Following in the footsteps of Frenchman Jean-Baptist Lamarck, Charles Darwin in The Origin of Species introduced a revolutionary new theory of biological evolution with the concept of natural selection.
Lamarck had envisioned evolution acting through the “Progress in complexity… due to the influence of environment and of acquired habits”. Darwin extended Lamarck’s “Progress in complexity” theory with the new proposed natural law of evolution−natural selection: “This principle of preservation, I have called, for the sake of brevity, Natural Selection.”
Evolution, since then, has been envisioned as a unidirectional preservation process of an unending increase in biological complexity; from microbe to man. New evidence from the HOX gene, however, undermines these fundamental tenets of evolution.
Last week, research paper published in Current Biology entitled “Ghost Loci Imply Hox and ParaHox Existence in the Last Common Ancestor of Animals” conclude that the absence of HOX genes in the sponge indicates evolution is a bi-directional process capable of simultaneously reducing as well as increasing biological complexity.
Researchers, led by David Ferrier of The Scottish Oceans Institute at the University of St Andrews, discovered that some modern-day animals like sponges evolved by losing the HOX and Parahox genes with reduced complexity.
Commenting on the findings, PhysOrg reports in the article “Research suggests that evolution sometimes meant becoming simpler not more complex,” that, “modern day animals may have evolved instead by becoming less complex.” Darwin and Lamarck would be stunned by the implications of Ferrier’s observation.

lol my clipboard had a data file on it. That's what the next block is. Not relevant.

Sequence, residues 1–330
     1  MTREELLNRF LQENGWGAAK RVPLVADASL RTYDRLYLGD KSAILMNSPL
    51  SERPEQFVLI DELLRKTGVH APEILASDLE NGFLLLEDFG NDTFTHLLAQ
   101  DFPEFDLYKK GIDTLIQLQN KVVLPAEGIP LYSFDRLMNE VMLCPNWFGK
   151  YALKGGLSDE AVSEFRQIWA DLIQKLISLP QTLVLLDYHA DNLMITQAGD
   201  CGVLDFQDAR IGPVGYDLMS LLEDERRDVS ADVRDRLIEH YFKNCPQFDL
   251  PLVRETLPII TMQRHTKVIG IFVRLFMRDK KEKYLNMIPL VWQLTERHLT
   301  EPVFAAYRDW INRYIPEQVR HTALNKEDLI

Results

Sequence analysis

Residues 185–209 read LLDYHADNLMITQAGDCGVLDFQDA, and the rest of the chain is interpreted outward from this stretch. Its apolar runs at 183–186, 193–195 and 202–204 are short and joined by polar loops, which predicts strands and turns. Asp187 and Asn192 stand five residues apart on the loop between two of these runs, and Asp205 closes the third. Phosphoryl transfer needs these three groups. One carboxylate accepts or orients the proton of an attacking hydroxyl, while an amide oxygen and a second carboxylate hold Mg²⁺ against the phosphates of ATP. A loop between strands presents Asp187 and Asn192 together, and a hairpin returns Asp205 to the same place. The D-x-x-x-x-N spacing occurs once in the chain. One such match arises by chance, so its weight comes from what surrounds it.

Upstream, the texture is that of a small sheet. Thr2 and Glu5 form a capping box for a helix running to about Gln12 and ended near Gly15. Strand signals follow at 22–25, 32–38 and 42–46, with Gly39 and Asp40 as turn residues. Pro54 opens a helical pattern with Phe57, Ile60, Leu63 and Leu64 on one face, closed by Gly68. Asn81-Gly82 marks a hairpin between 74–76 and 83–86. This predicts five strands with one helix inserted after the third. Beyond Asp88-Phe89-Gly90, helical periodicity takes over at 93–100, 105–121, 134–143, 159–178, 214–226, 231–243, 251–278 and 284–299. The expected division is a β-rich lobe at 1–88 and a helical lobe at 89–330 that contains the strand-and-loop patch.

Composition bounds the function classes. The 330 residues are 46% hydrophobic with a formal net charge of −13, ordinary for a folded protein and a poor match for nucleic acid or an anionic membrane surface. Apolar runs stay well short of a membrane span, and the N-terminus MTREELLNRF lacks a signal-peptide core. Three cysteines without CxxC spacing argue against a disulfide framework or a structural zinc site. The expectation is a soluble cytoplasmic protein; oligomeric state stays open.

According to PhysOrg, the Hox gene observations “contradict[s] the common perception of evolution – that creatures have advanced by becoming genetically more complex over time.”
“The conventionally accepted view,” Ferrier explained, “was that these genes were interlinked with the increasing complexity of animals as the earliest animal ancestors were succeeded by more advanced creatures, with a greater diversity of different cell types and a greater range of genes that build this gradual increase in complexity.”
Hox and ParaHox genes are renowned for building the body structures of nearly all modern-day animals, invertebrates and vertebrates. According to James A Shapiro of the University of Chicago, “the Hox complex can be compared to a specialized microchip dedicated to controlling morphogenesis from head to toe.” Hox genes determine shape.
Rather than supporting the traditional evolution paradigms of the twentieth century, “our work provides a completely different view to the consensus that had developed over recent years,” Ferrier acknowledged.
The evolutionary problems posed with the Hox and ParaHox genes specifically, and molecular biology in general, frames the reasons why a cohesive consensus theory of evolution continues to evade the evolution industry.
In the book Evolution, the Extended Synthesis, Massimo Pigliucci and Gerd Műller, as evolutionists, painfully recognize that “All of these molecular processes clearly demolish the alleged central dogma” of theoretical biological evolution promoted by the evolution industry over the past six decades.
As more scientific evidence becomes available, the prospects for developing a new comprehensive theory of evolution has reached the tipping point.
Alan C. Love of the University of Minnesota concludes “that a fully unified view of evolutionary processes may be out of reach….. [F]ollowing the advent of molecular biology has led to a centrifugal force within evolutionary research, making it difficult to recover a single big-picture or ‘grand unified theory.”
Evolution was once a theory in crisis, now evolution is in crisis with even a comprehensive theory even within the vast massively funded evolution industry.